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WW II Brings German Prisoners to Ladyglen Farm - Part 2

Posted 9/22/2021

What food can be fixed and eaten with a spoon?

Turkey Farm at Nazareth HallTurkey Farm at Nazareth Hall 

 I turned to the officer to remark that I believed that their fear of us had evaporated and everything would be all right. The men again smiled and returned my greeting, saying they were happy to be with us. Then we went to work, the harvesting of wheat the first chore.  The officer stayed for a while to see that everything was under control and then left – but returned and had dinner with our chaplain, Father Friemoth.

Every prisoner brought with him a quart of cold tea and a small sandwich. Sister Regina Marie was at that time helping out at Ladyglen. She would bring a lunch at noon and we would eat out in the fields. The daily schedule of eight to four ran smoothly the first day. The day following I brought a gallon of coffee and cookies for the men. But the officer was stern and said, “Sister, you cannot do that. We are to have nothing from the people for whom we work.” I looked at him and said, “Since when is charity forbidden? Just a cup of coffee and a few cookies! I know I will get it back in no time from the work that they will do. Who can work on cold tea and a sandwich?  Now don’t be afraid. Take what you get.”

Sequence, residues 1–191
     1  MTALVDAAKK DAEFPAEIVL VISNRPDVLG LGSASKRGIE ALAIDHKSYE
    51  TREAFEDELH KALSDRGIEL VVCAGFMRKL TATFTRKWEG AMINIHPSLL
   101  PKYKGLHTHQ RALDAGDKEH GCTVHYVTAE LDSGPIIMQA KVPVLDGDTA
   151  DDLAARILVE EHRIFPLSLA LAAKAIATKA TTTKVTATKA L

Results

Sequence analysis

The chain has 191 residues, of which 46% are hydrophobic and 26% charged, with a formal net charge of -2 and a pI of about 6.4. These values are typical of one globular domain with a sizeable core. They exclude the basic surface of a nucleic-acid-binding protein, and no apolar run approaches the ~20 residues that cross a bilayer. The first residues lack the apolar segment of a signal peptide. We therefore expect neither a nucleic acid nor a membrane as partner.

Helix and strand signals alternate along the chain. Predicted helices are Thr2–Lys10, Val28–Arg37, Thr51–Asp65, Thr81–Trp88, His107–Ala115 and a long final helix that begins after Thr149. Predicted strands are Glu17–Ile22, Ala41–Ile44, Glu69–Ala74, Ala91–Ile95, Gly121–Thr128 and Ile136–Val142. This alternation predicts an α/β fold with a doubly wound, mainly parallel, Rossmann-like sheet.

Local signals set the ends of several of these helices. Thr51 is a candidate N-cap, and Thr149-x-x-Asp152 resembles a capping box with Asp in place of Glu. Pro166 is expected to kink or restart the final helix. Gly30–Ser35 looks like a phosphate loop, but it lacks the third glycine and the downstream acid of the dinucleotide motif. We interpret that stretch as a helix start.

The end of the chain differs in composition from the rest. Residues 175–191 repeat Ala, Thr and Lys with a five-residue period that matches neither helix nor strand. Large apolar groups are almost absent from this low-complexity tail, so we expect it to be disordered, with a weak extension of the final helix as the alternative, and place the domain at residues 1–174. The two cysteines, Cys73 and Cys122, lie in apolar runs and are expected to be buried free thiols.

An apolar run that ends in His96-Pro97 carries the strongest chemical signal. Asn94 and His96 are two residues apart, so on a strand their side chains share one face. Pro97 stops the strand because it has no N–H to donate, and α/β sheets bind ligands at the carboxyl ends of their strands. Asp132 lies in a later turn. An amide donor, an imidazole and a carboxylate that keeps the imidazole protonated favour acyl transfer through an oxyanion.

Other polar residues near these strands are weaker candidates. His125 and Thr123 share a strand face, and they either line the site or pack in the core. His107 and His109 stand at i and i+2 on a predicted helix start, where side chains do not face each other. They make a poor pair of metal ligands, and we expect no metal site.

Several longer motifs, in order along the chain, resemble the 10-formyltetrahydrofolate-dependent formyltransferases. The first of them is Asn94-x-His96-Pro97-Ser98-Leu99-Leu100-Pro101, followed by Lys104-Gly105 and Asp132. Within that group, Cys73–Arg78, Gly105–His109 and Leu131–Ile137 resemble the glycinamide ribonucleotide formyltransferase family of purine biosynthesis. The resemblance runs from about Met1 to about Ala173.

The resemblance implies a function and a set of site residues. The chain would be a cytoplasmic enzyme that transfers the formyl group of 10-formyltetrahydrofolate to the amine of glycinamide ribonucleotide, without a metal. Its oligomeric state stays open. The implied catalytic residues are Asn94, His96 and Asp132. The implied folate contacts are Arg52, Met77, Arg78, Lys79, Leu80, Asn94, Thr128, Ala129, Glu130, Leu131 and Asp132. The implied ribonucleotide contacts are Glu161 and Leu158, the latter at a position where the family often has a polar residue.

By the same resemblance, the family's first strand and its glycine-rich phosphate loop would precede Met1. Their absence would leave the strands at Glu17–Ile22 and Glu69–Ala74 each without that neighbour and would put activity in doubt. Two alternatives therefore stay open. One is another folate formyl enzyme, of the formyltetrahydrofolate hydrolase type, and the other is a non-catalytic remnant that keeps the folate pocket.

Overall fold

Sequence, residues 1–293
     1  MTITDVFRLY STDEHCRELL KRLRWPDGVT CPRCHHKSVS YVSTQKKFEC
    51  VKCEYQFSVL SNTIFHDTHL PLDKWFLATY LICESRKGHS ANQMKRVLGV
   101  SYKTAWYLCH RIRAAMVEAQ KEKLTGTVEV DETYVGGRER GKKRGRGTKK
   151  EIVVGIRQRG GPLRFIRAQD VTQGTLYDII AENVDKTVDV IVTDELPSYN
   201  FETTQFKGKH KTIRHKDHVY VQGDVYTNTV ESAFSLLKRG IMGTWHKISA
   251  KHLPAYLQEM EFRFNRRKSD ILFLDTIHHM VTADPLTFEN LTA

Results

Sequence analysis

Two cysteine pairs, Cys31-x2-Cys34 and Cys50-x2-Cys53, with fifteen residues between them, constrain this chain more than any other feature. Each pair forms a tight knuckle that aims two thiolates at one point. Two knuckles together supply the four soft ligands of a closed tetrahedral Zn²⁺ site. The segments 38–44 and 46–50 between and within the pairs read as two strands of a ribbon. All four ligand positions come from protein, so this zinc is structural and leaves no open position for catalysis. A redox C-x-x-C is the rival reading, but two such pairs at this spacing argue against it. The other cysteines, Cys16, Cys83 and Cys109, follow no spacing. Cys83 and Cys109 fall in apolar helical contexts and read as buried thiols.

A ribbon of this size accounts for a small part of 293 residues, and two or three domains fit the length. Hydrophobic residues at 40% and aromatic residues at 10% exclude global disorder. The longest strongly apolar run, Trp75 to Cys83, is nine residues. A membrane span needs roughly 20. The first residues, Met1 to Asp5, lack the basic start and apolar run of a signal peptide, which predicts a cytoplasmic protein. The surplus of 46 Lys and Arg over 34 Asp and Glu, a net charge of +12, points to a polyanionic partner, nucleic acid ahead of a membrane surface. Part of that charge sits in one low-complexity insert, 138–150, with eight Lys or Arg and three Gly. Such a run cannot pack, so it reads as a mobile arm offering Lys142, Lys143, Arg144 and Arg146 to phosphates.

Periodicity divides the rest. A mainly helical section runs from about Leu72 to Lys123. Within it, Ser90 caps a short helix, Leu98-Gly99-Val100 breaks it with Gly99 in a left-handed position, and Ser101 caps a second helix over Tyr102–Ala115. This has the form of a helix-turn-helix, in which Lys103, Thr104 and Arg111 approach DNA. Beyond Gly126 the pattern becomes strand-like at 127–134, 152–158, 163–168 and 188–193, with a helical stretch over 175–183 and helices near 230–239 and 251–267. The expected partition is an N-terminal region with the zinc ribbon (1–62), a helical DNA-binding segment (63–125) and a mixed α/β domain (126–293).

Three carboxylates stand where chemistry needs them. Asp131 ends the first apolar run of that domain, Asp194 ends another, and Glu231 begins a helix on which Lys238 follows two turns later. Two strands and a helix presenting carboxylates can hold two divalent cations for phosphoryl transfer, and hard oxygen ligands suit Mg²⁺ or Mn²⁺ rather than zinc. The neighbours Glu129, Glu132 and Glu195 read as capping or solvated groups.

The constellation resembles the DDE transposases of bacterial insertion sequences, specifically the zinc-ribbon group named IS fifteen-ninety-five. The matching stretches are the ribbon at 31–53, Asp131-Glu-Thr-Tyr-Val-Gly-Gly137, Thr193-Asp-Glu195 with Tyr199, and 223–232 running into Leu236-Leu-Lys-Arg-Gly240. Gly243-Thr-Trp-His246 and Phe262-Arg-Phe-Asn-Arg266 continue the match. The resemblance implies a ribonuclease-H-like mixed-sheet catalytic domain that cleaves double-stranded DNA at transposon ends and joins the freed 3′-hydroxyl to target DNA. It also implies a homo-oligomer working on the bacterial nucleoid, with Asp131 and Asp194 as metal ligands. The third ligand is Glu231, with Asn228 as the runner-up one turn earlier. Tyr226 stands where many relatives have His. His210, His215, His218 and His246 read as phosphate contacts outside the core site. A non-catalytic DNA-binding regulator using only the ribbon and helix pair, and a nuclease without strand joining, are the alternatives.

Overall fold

At the end of the day I asked the captain if he would see whoever fixes the lunches and tell him that because the men work so hard, they should have more to eat, and ask him if we could give them a little something. The next day, the captain said we could give the men anything they could eat with a spoon, no knife or fork. Well, you would be surprised at what Sister Ann Lucille could fix that could be eaten with a spoon.  It got to be sort of a joke! Each day the CO inquired what they could eat with a spoon. It was always SOUP. Our menu, in time came to be widely known and periodically several officers came to eat with Father Friemoth.

 In time the captain, realizing that the men didn’t need constant supervision, but were working steadily – and happily – settled down to a more relaxed schedule. I praised the men highly and told the officer he did not need to worry about them.


Last installment of the story next month!


The material quoted here is taken from A Tree in the Valley by Sr. Lelia Mahoney.